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Gadget king has a Bright future

Gadget king has a Bright future

Brightpoint's Felix Wong talks to ARN.

What was your first job?

Working in a Hi-Fi shop. I started doing part-time work experience there when I was 15 and also worked during university holidays. That position taught me two things: how to sell added value and how to negotiate. After university, my first full-time role was in sales at IBM. It had a great graduate training program. The emphasis was on selling value, return on investment and cost justification. Post-IBM, together with my partner, I started Advanced Portable Technologies (APT), which was a boutique mobility distributor. In the early 1990s, we were the first company to import PC Cards into Australia and were also first to distribute wireless data solutions.

How did you end up in the IT industry?

It was always my goal to be involved with computers. I studied electrical engineering and computer science at university. From there, I had the chance to work in IBM's IS shop, programming as a part-time job during my final years of university. I found this a bit dry, but I really enjoyed selling. When I left university I took up a sales and marketing role and focused on getting into IBM's corporate sales. I used to want to have my own business and grow it to a reasonable size so that I could sell it. My next ambition was to run a substantially larger business, which I'm doing now. As I have a young family, I'm keen to have a good work/life balance. Rather than trying to conquer the world, I want to run a business where I can make a significant impact to both the business and industry, while still ensuring I spent quality time with my family.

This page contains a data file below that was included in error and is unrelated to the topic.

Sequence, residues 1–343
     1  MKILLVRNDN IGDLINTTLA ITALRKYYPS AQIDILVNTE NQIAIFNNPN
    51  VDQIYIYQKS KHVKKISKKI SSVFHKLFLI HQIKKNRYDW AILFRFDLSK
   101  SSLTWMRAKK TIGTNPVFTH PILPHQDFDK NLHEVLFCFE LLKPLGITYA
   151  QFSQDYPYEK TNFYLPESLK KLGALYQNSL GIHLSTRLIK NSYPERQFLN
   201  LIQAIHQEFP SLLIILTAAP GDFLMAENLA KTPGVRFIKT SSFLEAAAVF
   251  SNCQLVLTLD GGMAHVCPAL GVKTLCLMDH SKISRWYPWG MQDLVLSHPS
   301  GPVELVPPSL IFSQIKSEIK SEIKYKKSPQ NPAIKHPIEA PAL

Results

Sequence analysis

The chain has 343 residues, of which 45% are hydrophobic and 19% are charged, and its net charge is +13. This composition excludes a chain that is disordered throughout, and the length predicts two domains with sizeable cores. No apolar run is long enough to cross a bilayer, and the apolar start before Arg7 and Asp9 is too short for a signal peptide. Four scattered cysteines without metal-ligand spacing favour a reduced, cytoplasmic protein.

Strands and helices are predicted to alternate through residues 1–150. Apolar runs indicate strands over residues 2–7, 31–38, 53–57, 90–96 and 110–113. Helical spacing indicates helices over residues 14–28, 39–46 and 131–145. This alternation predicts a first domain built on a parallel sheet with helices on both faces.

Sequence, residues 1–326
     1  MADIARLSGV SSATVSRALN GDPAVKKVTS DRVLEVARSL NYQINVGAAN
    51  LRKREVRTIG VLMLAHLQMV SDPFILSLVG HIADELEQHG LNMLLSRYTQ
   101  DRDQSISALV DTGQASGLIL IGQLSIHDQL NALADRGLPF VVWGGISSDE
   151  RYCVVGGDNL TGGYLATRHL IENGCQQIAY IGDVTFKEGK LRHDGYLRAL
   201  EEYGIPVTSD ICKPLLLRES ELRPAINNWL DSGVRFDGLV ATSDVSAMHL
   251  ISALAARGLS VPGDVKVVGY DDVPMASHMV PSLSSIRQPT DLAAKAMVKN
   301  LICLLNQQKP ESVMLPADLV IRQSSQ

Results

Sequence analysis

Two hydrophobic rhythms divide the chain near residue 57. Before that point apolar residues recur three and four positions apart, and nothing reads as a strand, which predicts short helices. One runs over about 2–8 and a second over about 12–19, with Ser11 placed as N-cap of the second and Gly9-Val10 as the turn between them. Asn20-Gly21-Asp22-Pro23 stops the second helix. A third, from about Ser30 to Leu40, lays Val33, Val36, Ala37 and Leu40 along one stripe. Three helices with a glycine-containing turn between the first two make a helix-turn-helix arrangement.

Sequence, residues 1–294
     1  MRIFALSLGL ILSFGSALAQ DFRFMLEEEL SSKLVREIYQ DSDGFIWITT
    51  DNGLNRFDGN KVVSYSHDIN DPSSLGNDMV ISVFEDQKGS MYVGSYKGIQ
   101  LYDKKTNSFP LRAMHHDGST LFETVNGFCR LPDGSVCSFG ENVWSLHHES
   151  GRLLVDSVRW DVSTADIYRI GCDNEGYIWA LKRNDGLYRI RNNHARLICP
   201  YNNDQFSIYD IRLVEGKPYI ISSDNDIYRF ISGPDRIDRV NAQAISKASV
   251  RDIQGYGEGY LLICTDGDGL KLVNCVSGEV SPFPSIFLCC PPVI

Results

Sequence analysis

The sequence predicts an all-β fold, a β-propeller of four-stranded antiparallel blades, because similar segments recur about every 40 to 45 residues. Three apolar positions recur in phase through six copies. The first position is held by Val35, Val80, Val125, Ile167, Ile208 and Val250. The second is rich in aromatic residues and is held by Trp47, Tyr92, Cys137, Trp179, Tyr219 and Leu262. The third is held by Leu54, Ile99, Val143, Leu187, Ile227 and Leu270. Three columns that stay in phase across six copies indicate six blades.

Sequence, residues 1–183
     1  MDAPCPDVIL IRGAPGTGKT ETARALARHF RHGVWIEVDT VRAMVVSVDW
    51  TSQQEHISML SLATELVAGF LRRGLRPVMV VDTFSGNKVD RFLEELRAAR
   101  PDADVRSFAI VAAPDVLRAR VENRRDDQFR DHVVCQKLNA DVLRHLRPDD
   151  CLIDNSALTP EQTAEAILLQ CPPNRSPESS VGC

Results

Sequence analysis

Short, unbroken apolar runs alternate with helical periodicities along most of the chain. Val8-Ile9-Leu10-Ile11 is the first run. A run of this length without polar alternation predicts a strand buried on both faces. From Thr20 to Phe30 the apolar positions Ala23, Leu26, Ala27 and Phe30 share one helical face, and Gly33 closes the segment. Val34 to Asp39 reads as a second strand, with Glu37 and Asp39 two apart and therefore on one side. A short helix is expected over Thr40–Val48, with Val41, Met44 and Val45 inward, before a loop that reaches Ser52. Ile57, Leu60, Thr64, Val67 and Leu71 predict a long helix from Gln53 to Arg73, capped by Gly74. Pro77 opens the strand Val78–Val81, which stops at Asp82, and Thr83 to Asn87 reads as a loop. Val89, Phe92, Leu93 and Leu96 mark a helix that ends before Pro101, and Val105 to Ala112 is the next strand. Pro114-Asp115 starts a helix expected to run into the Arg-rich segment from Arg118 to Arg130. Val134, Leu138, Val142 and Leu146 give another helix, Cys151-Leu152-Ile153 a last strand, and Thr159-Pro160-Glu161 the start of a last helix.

How did you progress to where you are today?

At the end of 2000, I sold APT to Brightpoint. I continued to run the business separately until we merged in 2002. After that, my role evolved into running the newly combined business. It was a steep learning curve. My boss (Bruce Thomlinson) provided much support and guidance to teach me the Brightpoint side of the business. Now after three years, I can say I know the business pretty well and have plenty of ideas about where it can go.

What do you like about your current job?

I like the people I work with - vendors, suppliers, customers and work colleagues. I really enjoy the pace and rapid change that comes with the distribution environment. You can never stand still; technology will just pass you by. This makes success even more satisfying. I also like the mental challenge and the fact that I be at the forefront with technology.

What is the biggest achievement of your career?

I don't believe I've achieved it yet. The acquisition and merger with Brightpoint was exciting and big, but I believe within Brightpoint I have an even greater opportunity to accomplish more. We are a global organisation with more than $US2 billion in revenues and move more than 42 million devices per year across 15 operations. There are many areas of the business I would like to get involved in.

What will be the 'next big thing' in the industry?

Digital convergence, and the merger of consumer electronics and home appliances with computer products. Things such as video/music streaming into the stereo/TV, for example. All media -- on demand, standalone Web cams, media servers and DVB-H - will be built into computers/phones/PDAs. We will have smart homes and appliances with everything wirelessly integrated. While we are starting to see some of these technologies, many are still bleeding edge and don't work seamlessly. This area will evolve over the next five years, and transform what we define as IT.

What do you do when you are not at work?

I try and spend as much time as I can with my kids and family. I really enjoy listening to different types of music, and experiencing fine wines and foods.

Do you like gadgets?

Do I like gadgets! Anyone who knows me calls me the gadget king. Technology is my passion. I love seeing it implemented into a product that works well, especially when it looks good and is easy to use.

What did you want to be when you were younger?

I always wanted to work with computers. I thought they were almost limitless in what we could do with them. Having a passion for gadgets led me to complement this with technical tertiary qualifications.


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